# Capitalize script for BBEdit

I think most of us have a few typos that we just can’t shake. No matter how hard we try, our fingers just keep making the same mistakes over and over. The great classic is “teh,” a typo so common its ironic use is a talisman of internet hipsterism.

I don’t type “teh” very often, but its sibling “hte” and cousin “htat” are constant annoyances. Or at least they were constant annoyances until I made TextExpander snippets that corrected them automatically. This is a pretty common use of TextExpander, one that the folks at Smile have encouraged for years.

Unfortunately, one of my most common typing goofs is something TextExpander can’t help: I tend to lift my pinky off the Shift key just a little too soon and end up not capitalizing words I intend to. Sometimes I notice the error while I’m still in the middle of the word that should be capitalized; sometimes I’ve finished the word and hit a space before I notice. Cursoring back to capitalize the first letter is such a pain in the ass I’ve created a macro/script/command to do that for me in every text editor I’ve ever used: Emacs, Vim, NEdit, BBEdit, and TextMate. Here’s the post I wrote about my TextMate macro back in 2006. It served me until I returned to BBEdit late last summer.

What surprised me when I switched back was that my old BBEdit Capitalize script, untouched since 2005, was still sitting in my Application Support folder for BBEdit. And it still worked! Almost. There was one situation in which it didn’t quite do everything I wanted.

If I finished typing the word that should have been capitalized and added a space after it, like this (the red bar indicates the insertion point)

lift my pinky off the shift |

then invoking the script would capitalize the word just fine, but put the insertion point immediately after the word instead of where I’d started

lift my pinky off the Shift| 

and I’d have to cursor over past the space.

I lived with this flaw in the script for months but recently decided enough was enough. Here’s the new script1

applescript:
1:  tell application "BBEdit"
2:    tell window 1
3:      if selection as text is "" then
4:        set cursorPoint to characterOffset of selection
5:        find "\\b\\w" options {search mode:grep, backwards:true} with selecting match
6:        set selection to (grep substitution of "\\U&")
7:        select insertion point before character cursorPoint
8:      else
9:        change case selection making capitalize words with replacing target
10:      end if
11:    end tell
12:  end tell


Line 4 saves the current insertion point position.2 Line 5 searches backward to find and select the first character of the word before the insertion point. “Word” in this case may not always be what you think. In regular expression syntax, \b represents a word boundary, the location between a non-word character and a word character. Word characters are all the upper- and lower-case letters, the numerals, and underscore; non-word characters are everything else. So if the insertion point is at the end of a word with an apostrophe, like “can’t” or “you’re,” Line 5 will select the letter after the (non-word) apostrophe. This glitch has been in every one of my capitalization macros—it doesn’t get in the way very often.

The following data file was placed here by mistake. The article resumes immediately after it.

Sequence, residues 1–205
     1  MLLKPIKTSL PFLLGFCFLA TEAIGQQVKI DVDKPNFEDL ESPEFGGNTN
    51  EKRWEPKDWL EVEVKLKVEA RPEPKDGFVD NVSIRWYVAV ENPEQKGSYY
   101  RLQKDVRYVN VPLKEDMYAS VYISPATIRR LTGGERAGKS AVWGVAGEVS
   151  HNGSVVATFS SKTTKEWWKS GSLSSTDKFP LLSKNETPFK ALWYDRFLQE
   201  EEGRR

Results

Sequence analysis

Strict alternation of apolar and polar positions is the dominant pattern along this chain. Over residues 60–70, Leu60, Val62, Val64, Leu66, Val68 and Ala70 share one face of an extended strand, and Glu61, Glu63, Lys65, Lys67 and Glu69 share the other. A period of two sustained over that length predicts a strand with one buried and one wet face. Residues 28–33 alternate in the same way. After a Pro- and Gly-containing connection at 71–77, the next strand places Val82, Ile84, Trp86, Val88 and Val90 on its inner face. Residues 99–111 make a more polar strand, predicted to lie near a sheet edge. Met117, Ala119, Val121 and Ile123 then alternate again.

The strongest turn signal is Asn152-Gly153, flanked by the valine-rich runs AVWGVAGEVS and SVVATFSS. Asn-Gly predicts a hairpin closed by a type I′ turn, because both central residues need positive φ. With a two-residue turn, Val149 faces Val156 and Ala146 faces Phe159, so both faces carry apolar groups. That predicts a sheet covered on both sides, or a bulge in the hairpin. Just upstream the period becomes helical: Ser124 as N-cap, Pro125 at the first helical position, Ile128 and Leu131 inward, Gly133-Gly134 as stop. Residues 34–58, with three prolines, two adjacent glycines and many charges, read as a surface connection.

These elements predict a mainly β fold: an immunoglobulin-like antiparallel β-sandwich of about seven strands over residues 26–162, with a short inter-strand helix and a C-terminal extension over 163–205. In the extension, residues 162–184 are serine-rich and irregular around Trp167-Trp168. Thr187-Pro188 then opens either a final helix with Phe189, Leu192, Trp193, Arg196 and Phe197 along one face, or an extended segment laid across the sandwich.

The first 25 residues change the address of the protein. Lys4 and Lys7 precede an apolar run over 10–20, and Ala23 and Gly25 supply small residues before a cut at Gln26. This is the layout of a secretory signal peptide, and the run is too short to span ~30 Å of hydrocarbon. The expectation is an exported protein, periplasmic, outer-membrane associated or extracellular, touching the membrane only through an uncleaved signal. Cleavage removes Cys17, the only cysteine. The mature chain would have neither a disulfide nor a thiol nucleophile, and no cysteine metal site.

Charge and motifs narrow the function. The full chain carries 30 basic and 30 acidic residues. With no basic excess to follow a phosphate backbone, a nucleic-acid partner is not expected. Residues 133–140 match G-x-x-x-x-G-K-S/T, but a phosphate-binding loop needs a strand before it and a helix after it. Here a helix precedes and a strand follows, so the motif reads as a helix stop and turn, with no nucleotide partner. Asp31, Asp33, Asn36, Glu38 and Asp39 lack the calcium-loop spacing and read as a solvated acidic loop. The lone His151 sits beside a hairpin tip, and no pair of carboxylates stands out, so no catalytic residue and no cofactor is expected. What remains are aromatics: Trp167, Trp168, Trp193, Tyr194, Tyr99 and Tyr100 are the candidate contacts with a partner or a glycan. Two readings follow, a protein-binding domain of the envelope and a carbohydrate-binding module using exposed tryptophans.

Before we leave Line 5, I should mention that the backslashes are doubled because AppleScript, like many scripting languages, considers the backslash a special character. To pass a literal backslash on to BBEdit’s regex engine, we need to double it in our AppleScript strings.

Line 6 uses the \U case transformation modifier to switch the letter that was found in Line 5—represented by the &—to upper case. Line 7 then moves the cursor back to where it was.

Line 9 handles a situation that I didn’t mention above. If I invoke the Capitalize script when text is selected, I want all the words in the selection to be capitalized. I don’t do this very often.

I have the Capitalize script bound to ⌃⌘C, the same keystroke shortcut I used in TextMate.3 I use it several times every day, saving me lots of cursor movement and lots of frustration.

1. If you’re a fan of keybindings, or if you remember that I set up a Capitalize keybinding back in 2011, you might be wondering why I need an AppleScript. Doesn’t that keybinding work in BBEdit? In a word: no. Either BBEdit isn’t using Cocoa text editing (which is what I suspect), or it’s blocked access to keybindings stored in ~/Library/KeyBindings/DefaultKeyBinding.dict. Whatever the reason, I’m probably better off using a script. That keybinding wasn’t handled consistently, even by the applications that could use it.

2. Every time I need to move the insertion point around in BBEdit, I refer to this post by Nathan Grigg

3. The old post says I originally had it bound to F4 in TextMate; that didn’t last long.